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Saturday, 22 January 2011

Quedex (Commodore 64)

If Delta had the good fortune to appear just when Nemesis was fresh in peoples' minds, then Thalamus' next game, Quedex, struck it lucky by turning up when people were still gaga over Marble Madness. "Oooh, look! You control a ball through a series of mazes! That'll be awesome!"

*cough*

The game got its name from its subtitle - The Quest For Ultimate Dexterity. So that's two reasons why I never played it back in the day... I never really liked Marble Madness, and why would I want to play a game to test my dexterity? Besides, I gave that enough of a workout playing shoot 'em ups. And so Quedex remained completely off my radar, with nothing there to pique my interest in the slightest.


This level has you chasing around after white squares. The excitement!

What doesn't help is that when the game has loaded, it actually tells you that it's "number 3 in a series designed to frustrate and enrage". I don't want that from my games! I want to have fun, to be entertained, even to relax. I don't want to be put on the verge of a stroke.

Still, moving onwards, I figured I'd have to at least see if there was any fun to be had from Quedex.


This teleport might take you somewhere good. It might not. Grrrr!

The game gives you ten "planes" to conquer, using your dexterity, which would have been directly related at the time to which joystick you were using. I had a Zipstik, so I would probably have been awesome at the game. Anyone with a Quickshot II would, likely as not, have been knackered.

In order to help you get the most out of the game, you're allowed to select the planes you'll tackle in whatever order you like. This is definitely for the best, because if (like me) you got to the second plane and got completely stuck, you'd feel like you'd wasted your money. If you'd bought it, of course.


Odd level, this one. The goal is right there... you can complete it immediately or try and pick up the tokens for extra points.

For all the game involves joystick wrestling as its mechanic, it does a fair job of providing variety over the ten planes. Number 1, for instance, has you negotiating a number of small floors with precision, with each floor requiring a different kind of manoeuvring. Number 2, though, sees you attempting to negotiate a maze by finding keys to unlock certain passages.

And that, for me, is where the game goes wrong. Because then it's not a test of dexterity, it's a test of memory and, at least to begin with, luck. When the levels are purely you against the clock, weaving in and out of obstacles or jumping across holes, it's really good fun. But when you're trying yet another teleport in the hope of landing next to that all-important key, then it's an exercise in pure frustration.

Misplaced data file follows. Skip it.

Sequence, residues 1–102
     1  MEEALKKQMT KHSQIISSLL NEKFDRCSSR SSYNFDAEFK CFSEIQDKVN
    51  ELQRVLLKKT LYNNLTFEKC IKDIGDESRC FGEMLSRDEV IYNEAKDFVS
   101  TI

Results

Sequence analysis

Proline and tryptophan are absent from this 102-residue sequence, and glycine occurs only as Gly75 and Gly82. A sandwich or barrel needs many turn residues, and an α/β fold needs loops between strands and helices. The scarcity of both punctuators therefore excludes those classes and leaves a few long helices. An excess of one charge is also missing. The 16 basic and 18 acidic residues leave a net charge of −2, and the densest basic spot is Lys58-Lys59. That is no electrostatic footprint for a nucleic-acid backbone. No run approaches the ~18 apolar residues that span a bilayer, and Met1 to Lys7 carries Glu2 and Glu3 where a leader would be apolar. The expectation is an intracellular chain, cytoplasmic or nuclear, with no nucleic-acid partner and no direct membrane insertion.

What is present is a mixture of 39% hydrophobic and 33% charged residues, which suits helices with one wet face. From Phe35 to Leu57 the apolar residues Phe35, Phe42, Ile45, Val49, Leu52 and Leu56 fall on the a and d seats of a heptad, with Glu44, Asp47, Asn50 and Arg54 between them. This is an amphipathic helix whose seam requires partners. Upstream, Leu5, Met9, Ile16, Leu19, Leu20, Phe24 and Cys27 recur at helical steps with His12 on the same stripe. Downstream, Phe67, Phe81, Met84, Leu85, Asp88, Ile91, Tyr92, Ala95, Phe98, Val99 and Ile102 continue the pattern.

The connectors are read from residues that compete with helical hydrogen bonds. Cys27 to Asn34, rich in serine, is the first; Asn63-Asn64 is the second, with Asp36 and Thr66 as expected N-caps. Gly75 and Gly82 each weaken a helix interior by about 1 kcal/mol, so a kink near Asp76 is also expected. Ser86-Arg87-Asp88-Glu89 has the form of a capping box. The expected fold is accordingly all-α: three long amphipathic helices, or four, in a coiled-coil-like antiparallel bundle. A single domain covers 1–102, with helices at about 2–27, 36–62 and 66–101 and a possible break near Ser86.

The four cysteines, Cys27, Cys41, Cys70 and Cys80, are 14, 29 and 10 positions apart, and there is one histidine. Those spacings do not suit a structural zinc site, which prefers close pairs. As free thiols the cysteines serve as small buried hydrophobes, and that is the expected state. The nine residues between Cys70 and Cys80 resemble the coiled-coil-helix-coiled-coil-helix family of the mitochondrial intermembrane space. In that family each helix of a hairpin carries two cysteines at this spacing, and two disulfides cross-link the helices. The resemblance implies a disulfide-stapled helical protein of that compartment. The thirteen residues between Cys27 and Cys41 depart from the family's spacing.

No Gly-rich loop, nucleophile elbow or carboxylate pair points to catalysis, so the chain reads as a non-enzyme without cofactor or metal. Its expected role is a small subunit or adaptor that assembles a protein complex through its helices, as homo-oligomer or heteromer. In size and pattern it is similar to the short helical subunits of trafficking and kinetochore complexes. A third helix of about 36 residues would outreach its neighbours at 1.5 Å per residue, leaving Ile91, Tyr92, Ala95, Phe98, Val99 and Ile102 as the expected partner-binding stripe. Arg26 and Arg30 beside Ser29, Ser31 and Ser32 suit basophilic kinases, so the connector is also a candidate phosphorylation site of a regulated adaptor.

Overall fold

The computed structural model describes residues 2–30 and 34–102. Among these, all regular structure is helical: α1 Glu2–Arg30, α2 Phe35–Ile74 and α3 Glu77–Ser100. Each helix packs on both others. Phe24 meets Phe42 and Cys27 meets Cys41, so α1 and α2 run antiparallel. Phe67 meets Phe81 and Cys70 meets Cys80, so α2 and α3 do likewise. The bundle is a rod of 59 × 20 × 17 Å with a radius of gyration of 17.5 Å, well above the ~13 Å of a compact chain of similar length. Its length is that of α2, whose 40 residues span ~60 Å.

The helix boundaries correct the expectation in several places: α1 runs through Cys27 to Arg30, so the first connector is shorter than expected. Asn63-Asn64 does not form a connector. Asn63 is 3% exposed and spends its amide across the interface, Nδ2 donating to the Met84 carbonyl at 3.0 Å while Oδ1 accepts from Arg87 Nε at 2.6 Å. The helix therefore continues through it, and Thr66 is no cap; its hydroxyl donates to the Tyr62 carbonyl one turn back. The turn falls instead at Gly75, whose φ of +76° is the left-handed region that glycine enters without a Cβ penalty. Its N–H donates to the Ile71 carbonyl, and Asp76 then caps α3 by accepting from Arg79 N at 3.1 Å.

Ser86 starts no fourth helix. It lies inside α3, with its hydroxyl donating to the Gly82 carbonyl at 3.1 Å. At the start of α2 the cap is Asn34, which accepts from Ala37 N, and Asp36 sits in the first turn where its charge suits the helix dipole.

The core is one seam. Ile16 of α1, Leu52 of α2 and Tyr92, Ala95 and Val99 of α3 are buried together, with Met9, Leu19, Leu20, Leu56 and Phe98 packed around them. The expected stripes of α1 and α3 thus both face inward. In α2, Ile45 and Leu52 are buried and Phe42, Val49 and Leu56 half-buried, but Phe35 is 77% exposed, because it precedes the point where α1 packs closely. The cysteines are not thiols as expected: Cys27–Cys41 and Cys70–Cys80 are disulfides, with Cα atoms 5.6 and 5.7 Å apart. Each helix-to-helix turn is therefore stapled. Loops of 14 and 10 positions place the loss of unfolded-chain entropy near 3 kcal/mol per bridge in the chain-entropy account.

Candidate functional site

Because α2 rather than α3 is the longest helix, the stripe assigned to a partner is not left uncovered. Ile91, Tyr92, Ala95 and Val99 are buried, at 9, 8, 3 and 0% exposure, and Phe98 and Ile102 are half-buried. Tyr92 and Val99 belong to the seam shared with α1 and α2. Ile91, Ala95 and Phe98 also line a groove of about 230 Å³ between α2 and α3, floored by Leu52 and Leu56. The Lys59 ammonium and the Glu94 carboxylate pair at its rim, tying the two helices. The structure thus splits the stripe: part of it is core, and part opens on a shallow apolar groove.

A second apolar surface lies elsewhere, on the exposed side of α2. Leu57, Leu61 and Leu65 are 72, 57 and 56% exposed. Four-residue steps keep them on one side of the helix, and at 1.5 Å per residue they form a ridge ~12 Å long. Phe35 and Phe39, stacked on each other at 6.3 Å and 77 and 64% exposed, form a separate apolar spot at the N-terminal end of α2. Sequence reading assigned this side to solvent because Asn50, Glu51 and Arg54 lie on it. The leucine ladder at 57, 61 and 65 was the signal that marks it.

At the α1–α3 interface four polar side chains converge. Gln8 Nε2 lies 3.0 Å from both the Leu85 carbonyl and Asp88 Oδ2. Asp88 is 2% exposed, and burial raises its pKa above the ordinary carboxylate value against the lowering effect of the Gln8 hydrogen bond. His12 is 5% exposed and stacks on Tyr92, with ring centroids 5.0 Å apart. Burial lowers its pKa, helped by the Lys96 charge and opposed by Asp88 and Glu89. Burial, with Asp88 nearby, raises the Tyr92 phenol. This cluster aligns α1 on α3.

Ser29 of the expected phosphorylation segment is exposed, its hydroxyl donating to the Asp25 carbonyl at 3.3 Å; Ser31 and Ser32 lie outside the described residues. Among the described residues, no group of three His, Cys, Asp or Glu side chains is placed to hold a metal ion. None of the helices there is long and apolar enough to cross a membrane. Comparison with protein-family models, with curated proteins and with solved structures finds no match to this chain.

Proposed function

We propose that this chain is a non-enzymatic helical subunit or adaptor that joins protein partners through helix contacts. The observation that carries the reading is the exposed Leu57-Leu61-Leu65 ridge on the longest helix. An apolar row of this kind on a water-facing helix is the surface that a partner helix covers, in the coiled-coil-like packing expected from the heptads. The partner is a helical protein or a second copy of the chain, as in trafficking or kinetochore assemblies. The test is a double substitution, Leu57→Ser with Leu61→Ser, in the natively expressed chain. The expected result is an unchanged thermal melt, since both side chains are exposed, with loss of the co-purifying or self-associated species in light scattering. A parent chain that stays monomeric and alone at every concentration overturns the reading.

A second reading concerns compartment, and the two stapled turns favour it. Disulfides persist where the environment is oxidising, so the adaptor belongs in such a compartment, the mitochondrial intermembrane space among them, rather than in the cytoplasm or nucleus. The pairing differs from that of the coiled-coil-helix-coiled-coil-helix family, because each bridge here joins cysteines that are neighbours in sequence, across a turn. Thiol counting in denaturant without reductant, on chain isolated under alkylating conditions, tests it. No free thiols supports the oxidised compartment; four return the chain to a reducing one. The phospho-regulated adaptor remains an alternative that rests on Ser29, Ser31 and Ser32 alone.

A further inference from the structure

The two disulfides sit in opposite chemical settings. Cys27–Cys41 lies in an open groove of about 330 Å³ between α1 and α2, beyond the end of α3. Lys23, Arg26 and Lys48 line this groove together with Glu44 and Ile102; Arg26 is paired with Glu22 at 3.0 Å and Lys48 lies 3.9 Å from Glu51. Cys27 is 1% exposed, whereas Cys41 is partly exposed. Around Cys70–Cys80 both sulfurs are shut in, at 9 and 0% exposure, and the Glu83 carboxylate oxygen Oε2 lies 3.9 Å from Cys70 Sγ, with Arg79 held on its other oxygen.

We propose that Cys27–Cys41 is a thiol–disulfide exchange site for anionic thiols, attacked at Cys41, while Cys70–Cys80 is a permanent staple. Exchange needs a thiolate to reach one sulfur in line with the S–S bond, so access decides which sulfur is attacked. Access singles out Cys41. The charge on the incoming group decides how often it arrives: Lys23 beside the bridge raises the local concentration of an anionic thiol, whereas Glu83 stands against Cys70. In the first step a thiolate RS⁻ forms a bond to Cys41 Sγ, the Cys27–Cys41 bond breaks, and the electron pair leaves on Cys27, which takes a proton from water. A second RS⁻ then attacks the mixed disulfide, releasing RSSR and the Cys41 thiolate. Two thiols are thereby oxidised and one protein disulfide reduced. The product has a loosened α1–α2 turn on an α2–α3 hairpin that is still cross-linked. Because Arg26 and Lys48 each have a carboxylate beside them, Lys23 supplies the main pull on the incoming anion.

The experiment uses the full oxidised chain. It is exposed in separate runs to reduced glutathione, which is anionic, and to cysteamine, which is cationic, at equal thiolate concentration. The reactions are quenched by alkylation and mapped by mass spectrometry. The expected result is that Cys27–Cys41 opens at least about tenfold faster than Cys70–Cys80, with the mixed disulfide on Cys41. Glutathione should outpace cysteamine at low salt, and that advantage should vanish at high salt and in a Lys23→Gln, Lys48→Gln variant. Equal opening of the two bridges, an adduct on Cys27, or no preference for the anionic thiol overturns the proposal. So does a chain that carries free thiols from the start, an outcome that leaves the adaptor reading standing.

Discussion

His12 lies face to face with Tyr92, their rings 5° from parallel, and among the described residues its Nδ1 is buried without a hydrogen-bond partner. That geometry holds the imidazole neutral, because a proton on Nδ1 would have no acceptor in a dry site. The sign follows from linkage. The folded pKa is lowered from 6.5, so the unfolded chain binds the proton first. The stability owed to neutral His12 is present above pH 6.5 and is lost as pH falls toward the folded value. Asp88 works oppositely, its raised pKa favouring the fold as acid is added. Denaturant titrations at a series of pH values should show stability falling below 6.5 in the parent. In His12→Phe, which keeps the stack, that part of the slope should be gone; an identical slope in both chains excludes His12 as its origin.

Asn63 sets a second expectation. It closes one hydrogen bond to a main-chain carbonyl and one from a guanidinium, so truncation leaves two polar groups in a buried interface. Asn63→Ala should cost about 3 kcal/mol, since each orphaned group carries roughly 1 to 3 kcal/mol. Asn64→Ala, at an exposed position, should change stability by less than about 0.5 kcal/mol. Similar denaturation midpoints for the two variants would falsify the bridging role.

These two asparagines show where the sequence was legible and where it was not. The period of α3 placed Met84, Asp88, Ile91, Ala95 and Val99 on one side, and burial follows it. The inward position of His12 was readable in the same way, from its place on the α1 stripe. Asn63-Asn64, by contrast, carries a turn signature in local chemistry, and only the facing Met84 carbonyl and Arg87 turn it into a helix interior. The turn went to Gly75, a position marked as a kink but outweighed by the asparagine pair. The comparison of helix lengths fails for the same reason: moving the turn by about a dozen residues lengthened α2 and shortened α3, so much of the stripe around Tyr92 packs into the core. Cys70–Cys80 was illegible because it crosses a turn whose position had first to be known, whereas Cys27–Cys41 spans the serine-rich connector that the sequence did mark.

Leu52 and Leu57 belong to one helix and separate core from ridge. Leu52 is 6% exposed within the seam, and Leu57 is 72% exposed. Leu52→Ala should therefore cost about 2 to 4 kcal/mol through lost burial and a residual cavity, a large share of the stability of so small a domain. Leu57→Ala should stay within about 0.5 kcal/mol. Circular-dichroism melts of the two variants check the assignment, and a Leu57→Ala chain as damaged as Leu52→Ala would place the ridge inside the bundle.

It's not all bad... this level makes me want a custard cream. Mmm... custard creams... hang on, we haven't got any in! Damn!

It's a bit of a shame, that. Really, what you've got here is half a game... maybe two-thirds. Those irritating levels really take the gloss off it, and from my point of view, are what will stop me from attempting to complete it. There are some game types I just can't hack, and those levels are just about the epitome of all that makes me mad in a game.

Quedex was Stavros Fasoulas' third game for Thalamus, and it proved to be his last. Not because Thalamus didn't like what he was doing... for all the frustration I found in his games, he was obviously a talented coder with a bright future in the industry. But he was called up for National Service in his home country, Finland, and was never heard from again. I read recently that he may be living in the United States now, and has left his gaming past entirely behind. Shame, that. Stavros, if you ever feel the need for an interview, get in touch... you've got a lot of fans that would love to know how you're doing.

1 comment:

  1. Great review. Where in the world is Stavros Fasoulas? (Could be a good game title that) His Wikipedia page says that he only ever surfed the internet once (not sure how the author would now that) so the likelihood of him seeing this might be slim.

    I wonder what he would think of all this type of stuff. Matthew Smith famously stepped out of the wilderness not so long ago and was amazed that people still loved his games. Its a shame if Stavros doesn't know that his games are still loved by people. Interestingly, the game company he helped set up is still going strong - Super Stardust HD was a blast.

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